Prisoners’ rights advocates know that education is a key element of reducing recidivism, and the federal Bureau of Prisons and most state departments of corrections agree. However, the U.S. District Court for the Southern District of New York has had to continue its decade-long oversight of the infamous Rikers Island complex to ensure that school-eligible prisoners between the ages of 16 and 21 receive educational services that were agreed to after six years of litigation that concluded in 2002, in a lawsuit brought under the Individuals with Disabilities Education Act. [See: PLN, June 2007, p.39; Nov. 2000, p.15; May 2000, p.40].
The injunction that ended the lawsuit against the New York City Department of Corrections (DOC) required jail officials to work with the New York Board of Education (DOE) “to implement procedures to bring the educational services at the Rikers Island prison complex into compliance with state and federal law.” See: Handberry v. Thompson, 219 F.Supp.2d 525 (S.D.N.Y. 2002). After allegations arose that despite the injunction many prisoners had “received no educational services for significant lengths of time” and “hundreds of adolescent inmates held in special housing areas ... received absolutely no schooling during many semesters,” the Second Circuit revisited the case in 2006. Following nine years of further litigation, on December 2, 2015 a federal magistrate judge issued a report and recommendation to approve an amended injunction.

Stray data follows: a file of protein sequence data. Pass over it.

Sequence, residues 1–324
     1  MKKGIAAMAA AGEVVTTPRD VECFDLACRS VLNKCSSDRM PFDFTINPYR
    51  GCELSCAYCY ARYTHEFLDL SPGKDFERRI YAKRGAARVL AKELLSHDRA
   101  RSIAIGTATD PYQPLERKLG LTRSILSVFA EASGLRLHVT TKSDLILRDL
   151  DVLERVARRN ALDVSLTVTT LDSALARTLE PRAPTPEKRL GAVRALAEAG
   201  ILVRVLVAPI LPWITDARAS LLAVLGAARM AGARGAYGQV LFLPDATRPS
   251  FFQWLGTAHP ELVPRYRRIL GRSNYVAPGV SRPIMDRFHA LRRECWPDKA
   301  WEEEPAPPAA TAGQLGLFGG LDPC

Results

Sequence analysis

In an attempt to initially resolve the lawsuit, the district court appointed Peter E. Leone, Ph.D., who was charged with investigating and reporting on the city’s compliance with the injunction and suggesting solutions to any problems identified.
Based upon Dr. Leone’s findings, the magistrate recommended the adoption of an amended injunction with the following provisions: “1. All eligible inmates shall receive a minimum of 3 hours of educational services every school day. 2. Placement in a restricted housing unit does not change an eligible inmate’s entitlement to educational services under any provision of this Order. 3. Unless stated explicitly to the contrary, any and all requirements set forth in this Order shall apply to all of the schools, programs and methods of instruction operated by DOE in DOC facilities. 4. DOC shall ensure that each eligible inmate is provided access to educational services ... in a timely manner, including if necessary providing escorts for travel to and from his or her place of educational instruction. 5. Inmates who are disabled and identified as in need of special education or related services shall receive such services, including when placed in a restricted housing unit or method of instruction.”
Further, the magistrate judge recommended that the court appoint Dr. Leone for a two-year term to monitor and ensure compliance by the DOC and DOE. The district court judge overruled the city’s objections and adopted the magistrate’s recommendations in full on March 31, 2016, closing the case. It remains to be seen whether the DOC will abide by the amended injunction, considering that it ignored the initial injunction. See: Handberry v. Thompson, U.S.D.C. (S.D. NY), Case No. 1:96-06161-GBD-JCF; 2015 U.S. Dist. LEXIS 162557.
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Related legal cases
Handberry v. Thompson
|Cite||U.S.D.C. (S.D. NY), Case No. 1:96-06161-GBD-JCF; 2015 U.S. Dist. LEXIS 162557.|
Handberry v. Thompson
|Cite||219 F.Supp.2d 525 (S.D.N.Y. 2002).|